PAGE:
God had to strike him down on the Damascus road to bring him to a place of humility. Then he was ready to receive his apostolic calling through the prophetic word of Ananias.
But Paul was not ready yet. It took more than a prophetic word to prepare him to fulfill that calling. He was to spend many years being schooled by the Spirit and practical experience before he was ready to begin his apostolic ministry (see Acts Chapters 8; 9; 11;13).
Barnabas was a man who was converted shortly after Pentecost. He was a humble, obedient, selfless servant of the Lord in the church at Jerusalem. It was some seven years later, however, that he was sent to Antioch to strengthen the work there.
He and the Apostle Paul became the first “missionaries” (sent-ones) to go forth to the Gentile world (see Acts 4:36, 37;11:22-30; 13:1-3).
Important Part Of An Apostle’s Training
The background of the above apostles reveals a number of important facts. Certain important things seem to be a part of every apostle’s training:
- An apostle will have a definite call to this ministry.
- An apostle will be well trained in Scripture.
- An apostle will be prepared over a period of several years. He will prove himself and his ministry at the local level. It is here that he will grow in God’s grace, wisdom and experience.
- An apostle will usually have been trained for a time under the ministry of other apostles.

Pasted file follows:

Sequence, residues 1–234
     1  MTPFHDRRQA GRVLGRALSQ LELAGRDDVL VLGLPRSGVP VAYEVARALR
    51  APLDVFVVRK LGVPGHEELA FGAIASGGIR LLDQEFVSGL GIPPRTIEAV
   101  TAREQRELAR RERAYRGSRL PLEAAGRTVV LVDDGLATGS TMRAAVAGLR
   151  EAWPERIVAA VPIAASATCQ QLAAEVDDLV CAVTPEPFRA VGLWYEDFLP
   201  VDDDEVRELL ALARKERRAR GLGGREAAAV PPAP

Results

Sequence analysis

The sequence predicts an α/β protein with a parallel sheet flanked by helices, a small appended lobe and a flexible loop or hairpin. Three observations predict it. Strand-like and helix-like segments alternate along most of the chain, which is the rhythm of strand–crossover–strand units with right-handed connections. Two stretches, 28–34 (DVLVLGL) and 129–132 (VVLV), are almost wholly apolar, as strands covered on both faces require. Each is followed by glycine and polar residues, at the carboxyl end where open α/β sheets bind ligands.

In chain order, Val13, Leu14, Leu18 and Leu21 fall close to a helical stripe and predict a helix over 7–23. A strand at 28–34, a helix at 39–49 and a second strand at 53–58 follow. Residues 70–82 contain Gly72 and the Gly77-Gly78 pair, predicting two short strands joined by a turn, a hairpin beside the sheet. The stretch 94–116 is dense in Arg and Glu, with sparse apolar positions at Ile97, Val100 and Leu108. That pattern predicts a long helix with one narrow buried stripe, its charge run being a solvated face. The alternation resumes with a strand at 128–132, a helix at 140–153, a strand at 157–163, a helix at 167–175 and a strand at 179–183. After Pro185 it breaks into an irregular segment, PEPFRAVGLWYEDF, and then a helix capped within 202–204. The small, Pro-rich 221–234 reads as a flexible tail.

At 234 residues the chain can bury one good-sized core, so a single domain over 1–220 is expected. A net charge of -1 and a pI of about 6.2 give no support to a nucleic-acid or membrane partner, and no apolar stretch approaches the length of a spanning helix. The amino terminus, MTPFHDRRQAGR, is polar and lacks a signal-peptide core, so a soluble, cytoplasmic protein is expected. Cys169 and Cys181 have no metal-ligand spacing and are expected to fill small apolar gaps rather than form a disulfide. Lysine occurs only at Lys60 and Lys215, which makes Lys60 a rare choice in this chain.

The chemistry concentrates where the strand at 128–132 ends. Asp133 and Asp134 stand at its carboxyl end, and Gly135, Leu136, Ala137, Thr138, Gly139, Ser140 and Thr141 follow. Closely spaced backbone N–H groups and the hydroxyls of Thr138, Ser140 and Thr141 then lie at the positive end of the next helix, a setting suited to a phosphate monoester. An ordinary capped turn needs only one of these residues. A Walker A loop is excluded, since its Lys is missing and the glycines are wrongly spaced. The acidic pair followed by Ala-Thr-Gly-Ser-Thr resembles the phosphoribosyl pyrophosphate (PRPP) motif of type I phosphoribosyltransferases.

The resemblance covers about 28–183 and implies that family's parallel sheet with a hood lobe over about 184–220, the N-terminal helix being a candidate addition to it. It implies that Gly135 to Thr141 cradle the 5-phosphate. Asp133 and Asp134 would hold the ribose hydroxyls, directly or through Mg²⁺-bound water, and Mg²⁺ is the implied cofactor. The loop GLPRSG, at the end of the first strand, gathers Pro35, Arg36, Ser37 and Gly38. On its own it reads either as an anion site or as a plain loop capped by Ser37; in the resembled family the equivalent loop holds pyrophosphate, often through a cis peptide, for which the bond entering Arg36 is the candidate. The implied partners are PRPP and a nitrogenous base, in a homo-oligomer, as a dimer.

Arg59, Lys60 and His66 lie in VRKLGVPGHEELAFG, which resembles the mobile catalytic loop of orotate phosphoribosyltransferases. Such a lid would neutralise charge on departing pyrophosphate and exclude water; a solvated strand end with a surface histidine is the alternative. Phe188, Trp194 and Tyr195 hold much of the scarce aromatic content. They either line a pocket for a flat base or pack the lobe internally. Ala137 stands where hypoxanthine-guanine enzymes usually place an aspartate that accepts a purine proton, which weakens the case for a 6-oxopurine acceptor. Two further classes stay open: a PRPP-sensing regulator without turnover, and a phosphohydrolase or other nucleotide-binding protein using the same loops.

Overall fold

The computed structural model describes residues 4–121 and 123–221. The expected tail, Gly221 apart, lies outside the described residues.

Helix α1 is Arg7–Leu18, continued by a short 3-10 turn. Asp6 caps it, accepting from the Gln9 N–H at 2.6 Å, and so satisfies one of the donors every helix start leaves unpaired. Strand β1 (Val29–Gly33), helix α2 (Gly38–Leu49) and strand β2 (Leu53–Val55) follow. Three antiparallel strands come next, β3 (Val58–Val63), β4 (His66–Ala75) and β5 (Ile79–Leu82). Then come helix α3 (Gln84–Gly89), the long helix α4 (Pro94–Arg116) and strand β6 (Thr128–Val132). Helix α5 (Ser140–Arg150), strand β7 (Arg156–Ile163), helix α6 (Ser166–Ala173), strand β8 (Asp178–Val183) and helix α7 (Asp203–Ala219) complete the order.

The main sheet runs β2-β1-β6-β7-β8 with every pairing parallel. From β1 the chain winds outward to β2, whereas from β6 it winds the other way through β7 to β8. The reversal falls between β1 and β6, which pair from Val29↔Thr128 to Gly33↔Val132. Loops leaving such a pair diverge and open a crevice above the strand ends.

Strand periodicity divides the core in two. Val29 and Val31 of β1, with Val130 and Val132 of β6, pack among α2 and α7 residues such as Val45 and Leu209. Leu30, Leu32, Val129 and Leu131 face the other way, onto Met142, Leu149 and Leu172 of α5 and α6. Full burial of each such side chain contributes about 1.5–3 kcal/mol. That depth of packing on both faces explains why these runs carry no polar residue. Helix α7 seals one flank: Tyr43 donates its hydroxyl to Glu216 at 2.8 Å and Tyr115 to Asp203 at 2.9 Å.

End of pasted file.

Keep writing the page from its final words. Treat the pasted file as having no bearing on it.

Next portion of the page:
- The apostle will not be sent forth until his preparation is complete.
- The apostle will of ten be used of God in one of the other five-fold ministries -prophet, teacher, pastor or evangelist – before being sent out, and while functioning in apostolic ministry.
- The sending church will identify with the apostle by the laying on of hands
D. The Qualifications For An Apostle
The standards for elders would apply to all leaders in high levels of authority (l Tim 3:7; Titus 1:5-9). Therefore, they would apply to the ministry of the apostle.
Besides the general standards above, there are special qualities or traits that every apostle should have:
- An apostle must have the heart of a father (l Cor 4:15; Phil 2:22). Like a father, he will guide, provide, correct and protect God’s people. He will minister wisdom with love, power and patience (Eph 6:4; l Thess 2:6-8, 11).
- An apostle must be loving and loyal to the Church of God (l Cor 13). His love for the Church must be greater than his love for his own ministry.
- An apostle must have patience (2Cor 12:12). He is a man of maturity and revelation. Therefore, he must be patient with those who are only “babies” in Christ.
- An apostle must not be given to self- glory (l Cor 4:9; 2Cor 10:8; l Thess 2:6). He must lead people to the Lord rather than to himself.
- An apostle must have a servant’s heart (Eph 3:7; Phil 1:1). His concern and desire must be for the welfare of others. He should be humble, self-giving and faithful (l Cor 4:9; 2Cor 10:18; 11:22, 23).